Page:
Speaker I think a couple of things happen. I think that at NBC, The Chattaway and David Brinkley team broke up and that was a big piece of it. I think David got a little bored with being there every night. I think that CBS had its act together. They had a very strong cast of reporters and they just went out. And in that wire service way covered the hell out of the news every night when America was in turmoil, civil rights movement, anti war, war in Vietnam, Cultural Revolution going on. And Cronkite was just as steady as they go. I remember when he first landed on the cover, I, I think Newsweek magazine. And it was a declaration. And David was not happy. I was working close to him at that point. And he was not happy that Walter had pulled even at that point. But it was a testimony to doing the right thing and doing it very well. And NBC was trying to find its new phase of life. We had contributing correspondents and John Chancellor and Sander Vanocur and Jack Perkins and Douglas Kiker. And you didn't quite know who was going to be on there and when. And it wasn't not as driven by the. Day's news, as we had been in the past.
Speaker Now, when you start your career with Porter, that's OK. You started as a reporter. You and you were growing up, in a sense, with television. Were you aware of Cronkite? Oh, sure. I mean, were there any particular stories that sort of stick out in your memory from those early years?
Speaker Everyone remembers, Walter, on the day that Jack Kennedy was assassinated. When the president was murdered, CBS was on the air first.
Speaker As I remember, NBC was in a down period. We were not on the network because I was doing local news in Omaha and I had to go down and broadcast it to our Omaha audience. And Walter was on the air on the CBS station and he was in place in the newsroom. NBC got Chet back from lunch and it was kind of confusing at the beginning.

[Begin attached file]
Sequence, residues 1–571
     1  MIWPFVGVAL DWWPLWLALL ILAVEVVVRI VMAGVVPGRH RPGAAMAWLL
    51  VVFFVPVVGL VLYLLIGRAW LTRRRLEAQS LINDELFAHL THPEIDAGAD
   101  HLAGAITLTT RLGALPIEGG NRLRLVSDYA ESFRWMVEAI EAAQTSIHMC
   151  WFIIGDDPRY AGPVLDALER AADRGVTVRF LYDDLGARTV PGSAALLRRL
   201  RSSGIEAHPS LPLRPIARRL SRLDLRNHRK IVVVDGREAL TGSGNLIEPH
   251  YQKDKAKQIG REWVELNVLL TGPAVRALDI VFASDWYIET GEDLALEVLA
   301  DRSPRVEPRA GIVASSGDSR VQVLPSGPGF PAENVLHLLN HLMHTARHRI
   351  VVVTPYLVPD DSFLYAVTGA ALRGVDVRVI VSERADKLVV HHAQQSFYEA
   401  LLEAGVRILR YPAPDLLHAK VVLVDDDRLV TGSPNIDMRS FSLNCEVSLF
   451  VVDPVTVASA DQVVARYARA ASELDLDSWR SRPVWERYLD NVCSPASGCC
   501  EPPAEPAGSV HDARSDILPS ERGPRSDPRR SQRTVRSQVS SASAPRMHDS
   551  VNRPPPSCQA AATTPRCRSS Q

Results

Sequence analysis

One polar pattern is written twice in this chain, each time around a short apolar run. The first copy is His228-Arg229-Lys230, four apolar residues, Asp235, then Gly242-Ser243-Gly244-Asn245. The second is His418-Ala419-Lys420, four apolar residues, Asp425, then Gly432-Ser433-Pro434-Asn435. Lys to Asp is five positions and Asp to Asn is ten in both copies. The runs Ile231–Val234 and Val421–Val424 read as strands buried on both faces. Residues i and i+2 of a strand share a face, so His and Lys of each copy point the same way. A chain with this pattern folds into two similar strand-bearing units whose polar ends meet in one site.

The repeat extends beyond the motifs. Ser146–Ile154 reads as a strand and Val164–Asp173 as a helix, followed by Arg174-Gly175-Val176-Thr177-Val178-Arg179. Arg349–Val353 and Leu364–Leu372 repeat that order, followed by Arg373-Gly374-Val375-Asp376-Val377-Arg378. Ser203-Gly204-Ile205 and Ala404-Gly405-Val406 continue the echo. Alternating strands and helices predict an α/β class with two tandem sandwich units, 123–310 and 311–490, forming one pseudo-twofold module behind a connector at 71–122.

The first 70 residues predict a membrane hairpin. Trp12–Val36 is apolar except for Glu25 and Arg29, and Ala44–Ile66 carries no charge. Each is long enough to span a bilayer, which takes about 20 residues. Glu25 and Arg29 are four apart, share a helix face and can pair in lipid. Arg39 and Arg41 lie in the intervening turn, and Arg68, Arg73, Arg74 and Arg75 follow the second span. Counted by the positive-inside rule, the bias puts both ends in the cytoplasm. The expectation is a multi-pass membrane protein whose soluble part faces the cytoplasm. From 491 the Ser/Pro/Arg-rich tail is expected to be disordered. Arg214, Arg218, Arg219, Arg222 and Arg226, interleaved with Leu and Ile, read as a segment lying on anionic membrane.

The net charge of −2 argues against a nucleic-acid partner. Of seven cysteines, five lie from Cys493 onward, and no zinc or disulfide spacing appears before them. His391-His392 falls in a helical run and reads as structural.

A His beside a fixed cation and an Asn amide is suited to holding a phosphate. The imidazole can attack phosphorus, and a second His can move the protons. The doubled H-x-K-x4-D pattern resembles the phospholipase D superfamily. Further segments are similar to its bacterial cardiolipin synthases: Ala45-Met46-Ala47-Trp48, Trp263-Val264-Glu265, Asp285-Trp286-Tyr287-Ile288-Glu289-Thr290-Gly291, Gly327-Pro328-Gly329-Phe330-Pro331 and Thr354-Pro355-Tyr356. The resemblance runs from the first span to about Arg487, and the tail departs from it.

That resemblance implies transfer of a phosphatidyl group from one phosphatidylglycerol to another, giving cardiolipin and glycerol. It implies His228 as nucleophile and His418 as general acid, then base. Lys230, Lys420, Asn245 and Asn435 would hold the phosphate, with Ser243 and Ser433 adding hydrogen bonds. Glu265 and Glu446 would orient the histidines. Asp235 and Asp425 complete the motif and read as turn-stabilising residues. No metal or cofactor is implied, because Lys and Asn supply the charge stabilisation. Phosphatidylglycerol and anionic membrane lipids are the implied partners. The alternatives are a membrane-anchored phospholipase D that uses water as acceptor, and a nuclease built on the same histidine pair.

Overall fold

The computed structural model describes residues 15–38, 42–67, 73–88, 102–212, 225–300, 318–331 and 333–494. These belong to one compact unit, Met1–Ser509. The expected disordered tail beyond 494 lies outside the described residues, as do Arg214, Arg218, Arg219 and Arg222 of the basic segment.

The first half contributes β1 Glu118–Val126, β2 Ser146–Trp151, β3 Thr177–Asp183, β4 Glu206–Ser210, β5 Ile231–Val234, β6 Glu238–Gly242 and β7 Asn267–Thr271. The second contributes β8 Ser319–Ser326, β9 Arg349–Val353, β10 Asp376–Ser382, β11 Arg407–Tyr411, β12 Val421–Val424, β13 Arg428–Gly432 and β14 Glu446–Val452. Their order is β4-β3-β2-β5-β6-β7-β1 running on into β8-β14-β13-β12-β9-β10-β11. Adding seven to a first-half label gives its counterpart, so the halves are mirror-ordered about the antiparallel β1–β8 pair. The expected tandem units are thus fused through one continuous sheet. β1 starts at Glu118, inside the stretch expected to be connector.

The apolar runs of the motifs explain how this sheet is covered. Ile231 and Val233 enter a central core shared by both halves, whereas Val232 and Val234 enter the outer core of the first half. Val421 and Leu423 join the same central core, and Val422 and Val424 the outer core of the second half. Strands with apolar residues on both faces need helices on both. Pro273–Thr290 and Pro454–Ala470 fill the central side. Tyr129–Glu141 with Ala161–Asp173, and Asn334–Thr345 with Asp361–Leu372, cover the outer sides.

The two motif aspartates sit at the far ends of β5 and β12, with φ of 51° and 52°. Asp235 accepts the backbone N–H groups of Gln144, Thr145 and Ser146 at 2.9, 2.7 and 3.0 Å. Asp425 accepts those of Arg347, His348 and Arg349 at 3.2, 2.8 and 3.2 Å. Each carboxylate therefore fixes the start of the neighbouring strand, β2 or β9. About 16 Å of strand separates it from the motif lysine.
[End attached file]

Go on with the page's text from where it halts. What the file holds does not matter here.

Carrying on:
Speaker And then he was just such a great reporter with such humanity when he announced the death of the president. You know, he teared up, took off his glasses. And I thought that was a quantum leap forward for CBS.
Speaker Do think that in a way, during the turbulent time of the 60s and 70s, Cronkite played a role in sort of reassuring the public. I mean, what kind of role did he play?
Speaker Well, the word that's always used with Walter is avuncular. Uncle Walter was there every night. And it was a different time in America. There were really only two networks, NBC and CBS. And people would come home at the end of the day and tune to one or the other.
Speaker And when you go back and look at the numbers, they did it pretty much with parity. Walter was ahead. But, you know, there was pretty even distribution.
Speaker And Walter was there like an uncle in your living room, someone that you could trust. He had gravitas. He was obviously committed to what he was doing. And he looked like somebody who belonged in your family. So I think that was an important part of it. And as I say, he had a very strong supporting cast.
Speaker You yourself became number one anchor at NBC. Did you do you feel that as that second generation of serious news anchor people, did you feel that there was something that you learned from these that your generation? Was there something you took from someone like Walter Cronkite?
Speaker Sure. I think my generation of anchors, Dan, Peter and I. What we did was continue the tradition of being reporters, not just anchors. Were there just not to put on makeup and read out loud. That we brought our reportorial instincts and skills to that job every night. And then we had the advantage of the technology that allowed us to get out from behind the desk easily and go to South Africa when Mandela was released, because we had satellites that could get the story back or go to the Berlin Wall the night that it came down or be in Tiananmen Square to go around the world with these cataclysmic events were happening and take our reporter not just skills, but passions with us. We wanted to be on the scene as correspondents. If we hadn't been anchors, we would have been there as as the lead correspondents. I like to think.